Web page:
What's Up With DeMarre Carroll?
Last summer, the Spurs dealt Davis Bertans to the Wizards in order to create space for verbally-committed free agent Marcus Morris. After Marcus Morris notoriously dropped out of the 2-year, $20 million deal to instead play ball in New York with the Knicks, the Spurs lost out on their biggest free agency addition. To compensate for the gap in the depth chart, San Antonio signed 33-year-old DeMarre Carroll to a 3-year, $20.65 million deal.
Now, Davis Bertans is having a breakout year in Washington, instead of with the organization that literally just had his rights. Bertans is averaging 15.3 ppg, attempting 8.7 3 pointers a night, and knocking them down at a 42% clip. San Antonio needs perimeter shooting as much as any team in the league, and Spurs fans have no choice but to sit back, watch, and wonder what could have been.
Bertans’ replacement, DeMarre Carroll, is barely averaging as many minutes (9) as Bertans’ amount of three-point attempts per game (8.7). For a player who averaged over 25 minutes per game last year, this sudden change shifted him from veteran role player on a playoff team to a third-string rotation player who only touches the floor in garbage time.
With a forward-heavy roster, the dip of Carroll’s minutes was expected, but not to this extent. DeMar DeRozan holds the starting wing spot, and is backed up by Lonnie Walker IV. If and when Lonnie Walker IV has an off night, the struggling Marco Belinelli serves as the back-up veteran safeguard - not Carroll.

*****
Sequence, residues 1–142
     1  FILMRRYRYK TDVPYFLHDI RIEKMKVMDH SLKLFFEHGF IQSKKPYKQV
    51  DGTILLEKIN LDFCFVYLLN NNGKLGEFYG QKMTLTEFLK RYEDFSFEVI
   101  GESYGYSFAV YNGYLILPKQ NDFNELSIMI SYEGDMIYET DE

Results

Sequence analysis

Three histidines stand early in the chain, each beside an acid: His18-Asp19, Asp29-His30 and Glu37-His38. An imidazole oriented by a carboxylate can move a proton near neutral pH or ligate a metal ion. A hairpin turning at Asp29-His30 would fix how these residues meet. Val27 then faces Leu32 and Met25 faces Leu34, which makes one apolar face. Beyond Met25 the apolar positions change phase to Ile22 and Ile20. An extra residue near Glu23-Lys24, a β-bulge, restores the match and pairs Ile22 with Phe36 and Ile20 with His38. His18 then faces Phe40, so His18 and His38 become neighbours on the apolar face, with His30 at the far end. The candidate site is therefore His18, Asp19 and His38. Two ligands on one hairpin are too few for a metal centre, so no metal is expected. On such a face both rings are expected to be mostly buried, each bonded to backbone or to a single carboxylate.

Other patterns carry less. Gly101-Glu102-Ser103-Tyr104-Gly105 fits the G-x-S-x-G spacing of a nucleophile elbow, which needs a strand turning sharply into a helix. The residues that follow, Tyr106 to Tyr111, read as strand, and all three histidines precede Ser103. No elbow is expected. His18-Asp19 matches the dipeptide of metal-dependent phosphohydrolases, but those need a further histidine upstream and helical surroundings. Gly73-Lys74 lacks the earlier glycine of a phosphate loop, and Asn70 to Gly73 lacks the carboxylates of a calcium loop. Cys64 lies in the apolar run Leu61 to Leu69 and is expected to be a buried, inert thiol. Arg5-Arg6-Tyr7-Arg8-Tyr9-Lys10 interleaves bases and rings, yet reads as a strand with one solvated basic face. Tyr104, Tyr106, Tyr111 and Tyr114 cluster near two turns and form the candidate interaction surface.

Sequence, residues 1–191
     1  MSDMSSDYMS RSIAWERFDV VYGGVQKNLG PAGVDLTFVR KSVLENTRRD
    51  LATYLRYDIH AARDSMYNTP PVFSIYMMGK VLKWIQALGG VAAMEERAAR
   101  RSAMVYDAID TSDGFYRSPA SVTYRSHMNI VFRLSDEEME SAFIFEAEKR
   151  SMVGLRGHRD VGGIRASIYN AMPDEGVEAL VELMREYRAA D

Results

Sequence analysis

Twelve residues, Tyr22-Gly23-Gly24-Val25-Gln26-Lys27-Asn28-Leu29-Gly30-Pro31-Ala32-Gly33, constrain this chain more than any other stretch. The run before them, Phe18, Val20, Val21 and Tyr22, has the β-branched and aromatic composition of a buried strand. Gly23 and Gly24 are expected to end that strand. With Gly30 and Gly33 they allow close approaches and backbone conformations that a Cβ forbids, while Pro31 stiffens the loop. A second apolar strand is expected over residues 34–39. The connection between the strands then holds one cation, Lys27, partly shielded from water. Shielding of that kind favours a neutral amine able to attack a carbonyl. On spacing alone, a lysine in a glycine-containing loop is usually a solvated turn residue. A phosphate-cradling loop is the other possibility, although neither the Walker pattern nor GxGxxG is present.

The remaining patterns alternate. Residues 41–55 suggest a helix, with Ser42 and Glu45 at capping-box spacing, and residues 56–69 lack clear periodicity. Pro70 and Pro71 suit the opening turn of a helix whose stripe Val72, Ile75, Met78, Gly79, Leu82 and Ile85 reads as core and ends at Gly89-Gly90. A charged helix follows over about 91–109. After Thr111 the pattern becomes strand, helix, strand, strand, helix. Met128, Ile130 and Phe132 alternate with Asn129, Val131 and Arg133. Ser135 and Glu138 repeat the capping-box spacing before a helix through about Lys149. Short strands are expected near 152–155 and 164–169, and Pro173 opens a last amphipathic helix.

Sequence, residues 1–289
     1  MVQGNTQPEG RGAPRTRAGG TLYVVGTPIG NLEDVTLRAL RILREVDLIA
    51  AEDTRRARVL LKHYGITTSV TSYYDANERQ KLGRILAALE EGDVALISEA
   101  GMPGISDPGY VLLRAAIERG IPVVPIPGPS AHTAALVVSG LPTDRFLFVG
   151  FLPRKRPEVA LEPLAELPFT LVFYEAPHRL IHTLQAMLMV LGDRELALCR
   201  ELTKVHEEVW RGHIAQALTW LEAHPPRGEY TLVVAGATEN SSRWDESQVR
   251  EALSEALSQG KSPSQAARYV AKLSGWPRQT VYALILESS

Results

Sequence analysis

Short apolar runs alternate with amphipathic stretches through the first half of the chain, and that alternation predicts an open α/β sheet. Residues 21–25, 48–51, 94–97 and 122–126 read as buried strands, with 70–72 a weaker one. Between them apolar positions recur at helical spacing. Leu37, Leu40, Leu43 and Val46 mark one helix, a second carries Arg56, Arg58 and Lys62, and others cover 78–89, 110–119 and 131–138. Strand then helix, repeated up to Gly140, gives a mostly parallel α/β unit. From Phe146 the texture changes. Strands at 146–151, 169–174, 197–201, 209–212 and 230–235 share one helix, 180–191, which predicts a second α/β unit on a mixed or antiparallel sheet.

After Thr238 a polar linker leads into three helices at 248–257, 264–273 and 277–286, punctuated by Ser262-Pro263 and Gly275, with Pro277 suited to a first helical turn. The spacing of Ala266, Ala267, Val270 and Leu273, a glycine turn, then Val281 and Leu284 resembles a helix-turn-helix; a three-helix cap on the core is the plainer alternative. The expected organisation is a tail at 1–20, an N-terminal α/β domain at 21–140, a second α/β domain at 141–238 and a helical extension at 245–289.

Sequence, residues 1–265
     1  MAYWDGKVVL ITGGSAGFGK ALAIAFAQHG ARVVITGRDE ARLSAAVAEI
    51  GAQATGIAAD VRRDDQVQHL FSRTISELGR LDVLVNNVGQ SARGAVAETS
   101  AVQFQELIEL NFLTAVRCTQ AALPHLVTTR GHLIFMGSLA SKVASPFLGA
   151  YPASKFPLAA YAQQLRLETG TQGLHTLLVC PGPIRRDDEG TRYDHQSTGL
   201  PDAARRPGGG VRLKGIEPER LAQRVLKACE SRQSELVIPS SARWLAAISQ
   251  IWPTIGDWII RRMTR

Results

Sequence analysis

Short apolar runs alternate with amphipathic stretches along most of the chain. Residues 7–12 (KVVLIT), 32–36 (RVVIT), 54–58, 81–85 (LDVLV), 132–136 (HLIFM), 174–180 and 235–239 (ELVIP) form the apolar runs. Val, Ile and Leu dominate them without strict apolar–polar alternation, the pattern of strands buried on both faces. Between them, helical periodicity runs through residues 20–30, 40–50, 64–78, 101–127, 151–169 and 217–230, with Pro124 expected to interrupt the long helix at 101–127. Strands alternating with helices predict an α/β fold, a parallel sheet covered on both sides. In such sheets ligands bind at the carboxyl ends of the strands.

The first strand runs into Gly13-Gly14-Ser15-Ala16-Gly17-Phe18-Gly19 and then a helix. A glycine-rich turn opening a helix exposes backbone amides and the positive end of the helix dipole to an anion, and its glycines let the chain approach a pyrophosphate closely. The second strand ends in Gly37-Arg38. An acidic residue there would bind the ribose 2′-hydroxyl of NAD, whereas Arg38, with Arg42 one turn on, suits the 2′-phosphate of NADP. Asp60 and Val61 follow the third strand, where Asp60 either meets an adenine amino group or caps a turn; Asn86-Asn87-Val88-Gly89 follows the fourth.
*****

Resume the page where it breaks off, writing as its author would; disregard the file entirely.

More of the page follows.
Can DeMarre Caroll find time from Popovich at the 4? Not unless the game has already been decided by a 20 point margin. Trey Lyles, Rudy Gay, and even rookie Drew Eubanks are ahead of Carroll in the depth chart at power forward. Carroll’s 2.2 ppg is his lowest point total since his 3rd year in the league, and has left all Spurs fans to question his role within the organization.
Eric Gay / AP Photo
No front office pays a player $7 million over 3 years to sit at the end of the bench, scavenging for minutes. A trade is possible, and with rumours of DeRozan or Aldridge being shipped out, Carroll’s contract could complement a deal to make the money work in a mid-season blockbuster.
The trade deadline looms, and if Carroll gets stuck in San Antonio, he will most likely maintain his current role as Popovich tries to sneak into the playoffs while simultaneously spoon-feeding minutes to the young guys on the squad.
Carroll’s best shot of getting solid minutes is by beating out fellow vet Marco Bellineli in terms of consistent bench production and by aptly guarding opposing wings on defense. If the front office wishes to keep Carroll, the only real reason I could imagine is to provide veteran experience to a young team, but under such a large contract, I doubt that was the intention when acquiring him.
A buyout seems like a far-fetched idea, as after this season DeMarre still has two more years on his deal, and San Antonio would have to pay a hefty price. Although the future direction of DeMarre Carroll in San Antonio is unclear, a front office known for its excellence will certainly try its best to pull some strings and get the most out of Carroll after missing out on Davis Bertans’ offensive explosion.
Feature image courtesy of Rob Carr // Getty Images